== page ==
Tutorial: Power Semiconductor Switches | Ideal Switches

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This tutorial installment is: Power Semiconductor Switches, Ideal Switches. This topic answers the following questions:

  • What is the basic function of a power semiconductor switch in a switching supply?
  • What are the most basic properties of a power semiconductor switch?

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Power Semiconductor Switch Introduction

All ideal switching supplies continually decompose input power at a given voltage and current into “energy packets”. The small energy packets are then continually reassembled into output power at a new desired voltage and current.

The following image illustrates a 2:1 step down converter where each small block could represent an energy packet:

Observe that the output power is equal to that at the input. This property is characteristic of an ideal switching converter. In practical applications there will be some energy loss due to waste heat.

The power semiconductor switches, perform the decomposition and reassembly process, directing the flow of energy from the input, through the inductor and capacitor energy storage components, to the output.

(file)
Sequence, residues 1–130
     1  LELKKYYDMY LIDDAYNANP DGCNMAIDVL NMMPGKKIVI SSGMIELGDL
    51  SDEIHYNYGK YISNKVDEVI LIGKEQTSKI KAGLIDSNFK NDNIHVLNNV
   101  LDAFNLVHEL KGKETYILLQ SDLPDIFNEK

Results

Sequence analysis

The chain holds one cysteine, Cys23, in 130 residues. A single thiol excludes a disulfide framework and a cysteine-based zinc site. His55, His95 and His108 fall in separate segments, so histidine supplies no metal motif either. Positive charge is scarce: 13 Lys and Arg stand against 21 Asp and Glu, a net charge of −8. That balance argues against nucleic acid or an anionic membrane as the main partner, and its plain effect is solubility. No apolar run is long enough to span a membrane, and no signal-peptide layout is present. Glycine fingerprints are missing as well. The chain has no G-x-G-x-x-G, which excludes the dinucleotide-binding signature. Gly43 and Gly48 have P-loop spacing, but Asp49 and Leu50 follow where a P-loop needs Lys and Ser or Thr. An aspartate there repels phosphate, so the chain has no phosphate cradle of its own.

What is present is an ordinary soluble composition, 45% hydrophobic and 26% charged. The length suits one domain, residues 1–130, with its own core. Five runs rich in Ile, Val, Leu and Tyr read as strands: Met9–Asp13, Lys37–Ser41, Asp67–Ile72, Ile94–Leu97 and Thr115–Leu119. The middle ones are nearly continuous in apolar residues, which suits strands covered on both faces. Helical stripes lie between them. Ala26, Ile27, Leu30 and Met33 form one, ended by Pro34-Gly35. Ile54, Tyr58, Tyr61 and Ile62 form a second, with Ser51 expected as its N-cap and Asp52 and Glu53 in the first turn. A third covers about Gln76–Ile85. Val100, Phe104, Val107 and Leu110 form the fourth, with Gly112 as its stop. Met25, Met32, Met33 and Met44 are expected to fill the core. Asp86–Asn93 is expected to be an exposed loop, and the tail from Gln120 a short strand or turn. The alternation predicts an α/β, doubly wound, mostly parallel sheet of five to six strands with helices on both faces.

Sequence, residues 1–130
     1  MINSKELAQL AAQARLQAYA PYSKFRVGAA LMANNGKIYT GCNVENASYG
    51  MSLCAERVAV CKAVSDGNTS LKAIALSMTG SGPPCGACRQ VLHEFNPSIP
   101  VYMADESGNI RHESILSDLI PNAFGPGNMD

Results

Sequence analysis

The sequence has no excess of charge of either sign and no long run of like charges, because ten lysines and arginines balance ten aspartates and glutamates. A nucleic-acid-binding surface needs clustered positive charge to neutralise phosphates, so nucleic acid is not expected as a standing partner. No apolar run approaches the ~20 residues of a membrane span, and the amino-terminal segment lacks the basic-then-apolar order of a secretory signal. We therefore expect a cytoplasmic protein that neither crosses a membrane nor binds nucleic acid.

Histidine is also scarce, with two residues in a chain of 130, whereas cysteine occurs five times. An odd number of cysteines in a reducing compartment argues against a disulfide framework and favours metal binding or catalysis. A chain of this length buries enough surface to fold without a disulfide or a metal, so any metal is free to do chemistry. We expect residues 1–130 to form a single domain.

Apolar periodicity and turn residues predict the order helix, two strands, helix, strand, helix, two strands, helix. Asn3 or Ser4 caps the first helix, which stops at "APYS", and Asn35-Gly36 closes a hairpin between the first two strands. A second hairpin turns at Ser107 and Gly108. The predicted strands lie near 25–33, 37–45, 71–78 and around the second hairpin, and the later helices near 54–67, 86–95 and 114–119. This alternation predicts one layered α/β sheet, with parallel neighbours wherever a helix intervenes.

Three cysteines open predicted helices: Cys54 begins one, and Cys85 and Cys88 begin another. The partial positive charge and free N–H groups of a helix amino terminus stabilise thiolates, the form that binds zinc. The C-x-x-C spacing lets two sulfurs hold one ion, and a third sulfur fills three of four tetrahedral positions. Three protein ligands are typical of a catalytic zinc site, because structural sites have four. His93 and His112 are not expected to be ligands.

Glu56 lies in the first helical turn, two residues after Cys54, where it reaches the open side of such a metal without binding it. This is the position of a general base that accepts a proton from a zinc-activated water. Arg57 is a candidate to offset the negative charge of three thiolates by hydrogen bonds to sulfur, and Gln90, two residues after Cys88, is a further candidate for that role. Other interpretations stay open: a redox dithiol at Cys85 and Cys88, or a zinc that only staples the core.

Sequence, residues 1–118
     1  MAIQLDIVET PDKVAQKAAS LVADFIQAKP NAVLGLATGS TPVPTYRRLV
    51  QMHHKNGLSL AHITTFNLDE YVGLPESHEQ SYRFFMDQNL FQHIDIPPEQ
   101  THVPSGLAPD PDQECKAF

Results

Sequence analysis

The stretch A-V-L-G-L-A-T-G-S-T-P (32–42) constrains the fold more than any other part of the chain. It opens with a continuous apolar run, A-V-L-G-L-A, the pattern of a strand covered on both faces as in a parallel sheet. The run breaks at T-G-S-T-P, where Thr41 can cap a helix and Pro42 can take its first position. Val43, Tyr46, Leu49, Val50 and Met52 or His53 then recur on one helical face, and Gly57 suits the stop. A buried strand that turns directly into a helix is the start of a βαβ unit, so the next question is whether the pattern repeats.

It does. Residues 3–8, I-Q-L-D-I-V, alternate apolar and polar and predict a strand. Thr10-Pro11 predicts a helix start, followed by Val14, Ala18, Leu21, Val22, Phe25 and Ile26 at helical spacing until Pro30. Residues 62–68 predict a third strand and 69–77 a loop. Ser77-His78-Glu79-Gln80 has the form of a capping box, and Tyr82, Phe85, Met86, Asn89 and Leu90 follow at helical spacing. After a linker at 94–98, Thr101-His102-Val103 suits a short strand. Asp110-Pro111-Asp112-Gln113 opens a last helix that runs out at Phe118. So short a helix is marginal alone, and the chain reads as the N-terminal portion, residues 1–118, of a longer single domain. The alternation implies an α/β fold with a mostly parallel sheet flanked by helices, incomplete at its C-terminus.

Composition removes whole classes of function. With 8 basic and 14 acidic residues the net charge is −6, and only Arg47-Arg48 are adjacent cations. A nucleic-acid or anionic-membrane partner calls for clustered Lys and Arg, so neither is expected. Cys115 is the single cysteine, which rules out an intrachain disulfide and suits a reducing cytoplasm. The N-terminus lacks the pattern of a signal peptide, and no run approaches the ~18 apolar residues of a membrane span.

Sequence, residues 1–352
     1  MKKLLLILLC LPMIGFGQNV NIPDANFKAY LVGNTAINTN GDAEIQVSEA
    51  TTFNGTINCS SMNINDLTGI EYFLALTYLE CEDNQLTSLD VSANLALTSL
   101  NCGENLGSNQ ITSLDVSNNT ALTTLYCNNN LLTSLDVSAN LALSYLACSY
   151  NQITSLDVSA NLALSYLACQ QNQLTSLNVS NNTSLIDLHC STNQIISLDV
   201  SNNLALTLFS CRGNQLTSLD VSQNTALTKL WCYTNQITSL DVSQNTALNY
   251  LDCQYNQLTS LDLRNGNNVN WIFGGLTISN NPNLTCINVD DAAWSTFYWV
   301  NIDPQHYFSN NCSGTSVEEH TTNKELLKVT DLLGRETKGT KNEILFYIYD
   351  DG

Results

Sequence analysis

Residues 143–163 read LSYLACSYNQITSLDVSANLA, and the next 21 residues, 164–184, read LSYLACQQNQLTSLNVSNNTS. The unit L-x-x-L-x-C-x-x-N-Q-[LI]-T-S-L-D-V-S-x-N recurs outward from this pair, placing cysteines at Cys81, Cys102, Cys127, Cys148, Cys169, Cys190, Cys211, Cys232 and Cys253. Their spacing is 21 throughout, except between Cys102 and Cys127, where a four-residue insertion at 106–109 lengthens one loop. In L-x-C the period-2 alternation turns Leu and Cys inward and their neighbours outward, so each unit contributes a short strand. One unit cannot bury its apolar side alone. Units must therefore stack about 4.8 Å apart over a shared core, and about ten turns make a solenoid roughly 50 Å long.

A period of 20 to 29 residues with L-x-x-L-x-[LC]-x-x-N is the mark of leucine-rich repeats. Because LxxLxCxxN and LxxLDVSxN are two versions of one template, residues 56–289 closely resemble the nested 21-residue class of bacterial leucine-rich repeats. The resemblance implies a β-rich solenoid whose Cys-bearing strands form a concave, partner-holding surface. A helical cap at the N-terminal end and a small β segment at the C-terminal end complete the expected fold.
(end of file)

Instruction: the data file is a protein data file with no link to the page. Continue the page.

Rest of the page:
The power semiconductor switches, depending upon the topology and requirements, are either active transistors, thyristors, or passive diode rectifiers. A topology is an arrangement of switches, inductors, and capacitors chosen to achieve a desired input to output conversion ratio.

Ideal Power Semiconductor Switch Properties

The ideal switch has the following properties:

  • infinite breakdown voltage,
  • when the switch is off, there is zero current through the switch,
  • when switch is on, there is zero voltage across the switch,
  • the turn-on and turn-off transition times of ideal switches are zero,
  • since the either the voltage or the current is always zero in an ideal switch, the instantaneous dissipation which is the product of instantaneous voltage and instantaneous current is always zero.

Non-Ideal Power Semiconductor Switch Properties

A well chosen practical switch will approximate an ideal on a first order basis. Even so, the non-ideal properties of practical switches must be evaluated for every design.will have parasitic elements which cause:

  • finite breakdown voltage,
  • leakage current in the off-state,
  • non-zero voltage across the switch in the on-state,
  • non-zero turn-on and turn-off transition times,
  • since there is some voltage across the switch in the on-state, and the transition times are non-zero, there is non-zero dissipation which must be managed.

Next Topic

The next tutorial installment is: Power Semiconductor Switches, Classification. This next topic will answer the following questions:

  • What are the main power semiconductor switch classifications?
  • What are the important properties of the main classifications?

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